The Complainant asserts that it owns 38 United States trademark registrations for marks that consist in whole or in part of the TOMMY BAHAMA mark, such as United States Registration No. 1802812, for TOMMY BAHAMA, registered on November 2, 1993. It also owns registrations in approximately 60 other jurisdictions.
According to the Complainant, the Respondent’s registration of the disputed domain name presents a classic case of typosquatting. The disputed domain name is nearly identical and/or confusingly similar to the TOMMY BAHAMA trademark, as well as to the domain name for the website registered and operated by the Complainant.
The Complainant asserts that the Respondent has not been commonly known as “Tommy Bahama” nor has it done business under that name. Nor is the Respondent’s use of the disputed domain name in connection with a bona fide attempt to offer goods and services to the public.
There is no relationship between the Complainant and the Respondent giving rise to any license, permission, or other right by which the Respondent could own or use any domain name incorporating the TOMMY BAHAMA Mark. The Respondent has not been commonly known by the disputed domain name or done business under that name.
The Respondent’s use of the disputed domain name is not in connection with a bona fide attempt to offer goods or services to the public. At the time of filing the Complaint, the disputed domain name resolved to page thatstated, “This page is parked for FREE, courtesy of GoDaddy.com”.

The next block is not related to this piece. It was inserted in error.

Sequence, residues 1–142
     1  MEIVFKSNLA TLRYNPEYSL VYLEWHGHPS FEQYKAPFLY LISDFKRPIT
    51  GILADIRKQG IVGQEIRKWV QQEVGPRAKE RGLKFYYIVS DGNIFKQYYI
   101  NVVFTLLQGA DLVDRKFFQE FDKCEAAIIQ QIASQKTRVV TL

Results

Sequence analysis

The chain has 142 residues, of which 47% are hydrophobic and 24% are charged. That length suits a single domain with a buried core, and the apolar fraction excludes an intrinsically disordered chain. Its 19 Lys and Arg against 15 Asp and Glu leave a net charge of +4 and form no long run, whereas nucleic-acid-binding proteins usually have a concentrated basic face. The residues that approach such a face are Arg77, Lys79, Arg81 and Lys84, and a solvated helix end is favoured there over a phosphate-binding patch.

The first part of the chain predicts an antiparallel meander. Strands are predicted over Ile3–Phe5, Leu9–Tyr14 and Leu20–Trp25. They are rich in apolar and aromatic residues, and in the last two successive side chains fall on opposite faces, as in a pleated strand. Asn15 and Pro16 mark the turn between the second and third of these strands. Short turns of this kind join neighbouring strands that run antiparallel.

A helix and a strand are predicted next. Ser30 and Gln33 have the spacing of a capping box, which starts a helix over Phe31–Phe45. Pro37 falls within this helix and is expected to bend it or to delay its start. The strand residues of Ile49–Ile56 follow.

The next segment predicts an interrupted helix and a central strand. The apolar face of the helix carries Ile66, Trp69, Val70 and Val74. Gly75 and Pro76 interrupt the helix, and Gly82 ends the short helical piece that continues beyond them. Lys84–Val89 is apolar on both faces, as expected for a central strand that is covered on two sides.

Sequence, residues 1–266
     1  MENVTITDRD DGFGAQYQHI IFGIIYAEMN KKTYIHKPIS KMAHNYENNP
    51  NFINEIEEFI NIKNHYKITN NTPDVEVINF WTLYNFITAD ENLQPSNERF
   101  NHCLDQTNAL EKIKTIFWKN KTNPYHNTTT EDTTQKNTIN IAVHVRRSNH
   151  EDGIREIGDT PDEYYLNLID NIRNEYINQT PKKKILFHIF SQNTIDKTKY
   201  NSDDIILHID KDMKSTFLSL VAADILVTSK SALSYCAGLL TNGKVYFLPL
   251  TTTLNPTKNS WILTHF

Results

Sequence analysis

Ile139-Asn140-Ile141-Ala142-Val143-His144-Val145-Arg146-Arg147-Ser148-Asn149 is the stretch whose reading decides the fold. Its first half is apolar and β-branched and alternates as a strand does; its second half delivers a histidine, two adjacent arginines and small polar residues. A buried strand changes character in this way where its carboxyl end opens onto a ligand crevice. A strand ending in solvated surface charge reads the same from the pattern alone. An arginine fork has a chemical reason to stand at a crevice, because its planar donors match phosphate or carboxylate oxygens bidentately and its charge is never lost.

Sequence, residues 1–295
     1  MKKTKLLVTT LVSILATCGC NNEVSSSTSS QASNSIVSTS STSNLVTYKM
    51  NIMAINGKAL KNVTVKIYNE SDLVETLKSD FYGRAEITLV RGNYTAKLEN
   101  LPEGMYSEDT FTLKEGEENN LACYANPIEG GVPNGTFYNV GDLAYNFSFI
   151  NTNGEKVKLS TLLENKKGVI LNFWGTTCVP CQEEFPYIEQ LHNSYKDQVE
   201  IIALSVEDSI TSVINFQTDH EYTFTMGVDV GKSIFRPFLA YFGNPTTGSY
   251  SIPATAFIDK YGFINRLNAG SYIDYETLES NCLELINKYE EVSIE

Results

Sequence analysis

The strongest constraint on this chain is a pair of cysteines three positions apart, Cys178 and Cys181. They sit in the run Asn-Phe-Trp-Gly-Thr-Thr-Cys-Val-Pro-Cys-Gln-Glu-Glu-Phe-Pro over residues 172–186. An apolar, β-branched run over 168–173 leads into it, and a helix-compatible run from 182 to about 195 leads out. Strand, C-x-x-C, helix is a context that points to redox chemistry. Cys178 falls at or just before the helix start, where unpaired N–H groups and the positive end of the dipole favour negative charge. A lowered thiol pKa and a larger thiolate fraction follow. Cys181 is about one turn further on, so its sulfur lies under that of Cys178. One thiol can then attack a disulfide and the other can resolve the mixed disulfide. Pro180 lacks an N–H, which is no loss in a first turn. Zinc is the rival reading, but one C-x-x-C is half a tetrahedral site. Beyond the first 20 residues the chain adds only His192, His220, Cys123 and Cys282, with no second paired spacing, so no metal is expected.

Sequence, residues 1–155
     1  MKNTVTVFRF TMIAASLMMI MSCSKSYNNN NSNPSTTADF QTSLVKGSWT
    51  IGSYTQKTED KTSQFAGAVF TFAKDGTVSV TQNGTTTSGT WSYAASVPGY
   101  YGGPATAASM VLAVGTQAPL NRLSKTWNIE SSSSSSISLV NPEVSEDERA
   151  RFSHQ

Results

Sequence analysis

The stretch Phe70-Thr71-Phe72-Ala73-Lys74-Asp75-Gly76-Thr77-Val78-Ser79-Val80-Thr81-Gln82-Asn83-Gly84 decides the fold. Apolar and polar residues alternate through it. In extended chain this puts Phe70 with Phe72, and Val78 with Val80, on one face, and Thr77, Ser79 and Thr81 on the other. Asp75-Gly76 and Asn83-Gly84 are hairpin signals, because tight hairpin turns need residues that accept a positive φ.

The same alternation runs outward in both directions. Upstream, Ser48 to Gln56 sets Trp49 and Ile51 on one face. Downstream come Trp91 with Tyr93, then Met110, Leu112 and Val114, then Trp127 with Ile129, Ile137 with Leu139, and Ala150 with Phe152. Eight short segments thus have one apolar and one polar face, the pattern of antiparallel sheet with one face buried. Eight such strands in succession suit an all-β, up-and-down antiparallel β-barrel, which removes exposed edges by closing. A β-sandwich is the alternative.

The Respondent has registered and is using the disputed domain name in bad faith for commercial gain and to benefit from the good will and fame associated with the Complainant’s TOMMY BAHAMA Mark. Here, the Respondent’s bad faith registration and use of the disputed domain name is established by the fact that the disputed domain name purposefully incorporates the well-known TOMMY BAHAMA Mark, and was registered long after this mark became well known to consumers. Such registration and use of the disputed domain name is, in and of itself, a form of opportunistic bad faith.
In addition, the Respondent appears to be using the term “tommybahaminc” (sic) as a prefix to his email address ([email protected][...]), which likewise indicates an intention by the Respondent to associate himself or herself with the Complainant and to benefit from the goodwill and fame associated with the Complainant’s TOMMY BAHAMA Mark.
The Respondent did not reply to the Complainant’s contentions.
The Complainant easily establishes ownership of the TOMMY BAHAMA trademark through its ownership of multiple registrations in multiple jurisdictions. Its use of the Mark is demonstrated at the domain name <tommybahama.com>.
The insertion of the letter “i” in the Respondent’s disputed domain name does not create a visually or phonetically different string from that in “tommybahama”. There is no word or name “baihama” in English. The Panel notes that entering the terms “tommy baihama” and “baihama” into the Google search engine produces prompts asking if the user intended to search “tommy bahama” and “bahama” respectively.